Gemma usually performs this ritual in the locker room of the Dartmouth Field Hockey Team. This locker room is located down the street from our field, alongside the Boss Tennis center on 6 Summer Ct, Hanover, NH 03755. Gemma and her teammates perform this ritual exactly one hour before the start of the game. This ritual is performed in the locker room before the start of every home competition. The girls on the team finish dressing in their uniforms and putting on their equipment. Before walking out to the field, a member of the team will gather everyone in the room into a circle and everyone will join arms. The music is turned off and the lights are turned off.
Meaning and Interpretation (Informant): “I think this means that I am an important player on a team of close friends. I am putting on a uniform for the many generations of women who came before me and shaped the team into what it is today. The same team that has always performed this is the team that chose me and gave me the opportunity to come to the United States to study. I think this performance is a way to feed off of other teammates energy and get excited to compete. The secrecy of the chant and the way it builds from a whisper to a scream is unique and something I will remember forever.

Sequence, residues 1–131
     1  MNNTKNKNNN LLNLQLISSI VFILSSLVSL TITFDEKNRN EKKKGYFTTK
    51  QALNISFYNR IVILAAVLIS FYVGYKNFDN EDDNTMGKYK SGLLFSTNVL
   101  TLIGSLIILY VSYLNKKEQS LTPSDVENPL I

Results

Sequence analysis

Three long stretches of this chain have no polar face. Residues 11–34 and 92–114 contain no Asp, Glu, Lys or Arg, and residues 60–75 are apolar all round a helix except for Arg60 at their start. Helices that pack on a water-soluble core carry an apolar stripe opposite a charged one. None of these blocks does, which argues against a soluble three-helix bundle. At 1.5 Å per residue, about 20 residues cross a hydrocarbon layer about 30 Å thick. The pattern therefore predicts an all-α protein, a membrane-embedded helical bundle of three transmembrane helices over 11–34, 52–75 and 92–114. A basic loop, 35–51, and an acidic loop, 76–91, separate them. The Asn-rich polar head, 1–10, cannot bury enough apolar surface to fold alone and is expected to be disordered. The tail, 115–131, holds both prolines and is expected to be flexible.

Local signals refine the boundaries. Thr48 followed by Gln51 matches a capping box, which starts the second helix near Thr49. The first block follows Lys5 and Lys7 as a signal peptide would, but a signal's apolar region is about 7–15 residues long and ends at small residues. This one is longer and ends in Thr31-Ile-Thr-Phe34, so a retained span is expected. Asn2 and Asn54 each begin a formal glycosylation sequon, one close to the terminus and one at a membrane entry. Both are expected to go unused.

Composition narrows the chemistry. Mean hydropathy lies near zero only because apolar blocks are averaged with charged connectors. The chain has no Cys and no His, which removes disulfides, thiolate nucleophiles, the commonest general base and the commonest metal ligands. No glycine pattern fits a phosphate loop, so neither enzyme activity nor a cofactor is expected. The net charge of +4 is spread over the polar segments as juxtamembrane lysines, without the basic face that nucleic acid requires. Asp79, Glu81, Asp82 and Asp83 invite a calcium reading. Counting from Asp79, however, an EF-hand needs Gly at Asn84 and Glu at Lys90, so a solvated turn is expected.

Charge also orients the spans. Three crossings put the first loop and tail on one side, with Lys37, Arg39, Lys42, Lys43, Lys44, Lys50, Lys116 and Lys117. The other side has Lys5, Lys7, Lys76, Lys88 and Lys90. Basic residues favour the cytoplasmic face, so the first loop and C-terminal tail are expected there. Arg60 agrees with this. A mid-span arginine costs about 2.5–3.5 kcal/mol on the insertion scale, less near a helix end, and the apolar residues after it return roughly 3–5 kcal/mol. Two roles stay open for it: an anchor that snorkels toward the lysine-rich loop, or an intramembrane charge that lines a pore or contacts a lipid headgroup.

When she is in Australia, she does have one ritual that she thinks could be considered folklore. In other countries, field hockey is also considered to be a men’s sport. Her dad grew up playing the sport and taught her how to play. Before he would play in competitions, he would re-tape the grip of his stick (the top part.) He taught Gemma the best method to tape the stick and she continues to do this in her Women’s League competitions. She does not perform this ritual in the United States because she has less free time before the games. It may be a ritual, because it was passed to her orally and her father never recorded or wrote down the method but instead taught her by example. He said he learned the method from his coach in the Philippines, but does not know where that coach learned it. There are multiple ways and patterns to re-tape a stick that many coaches and players have likely passed down, so this could be an example of multiple existence or variation. She said her father does not remember how he first learned the taping pattern and if it was orally passed to him by a teammate or coach. It is an unofficial part of her family’s culture and how they prepare to perform on the field.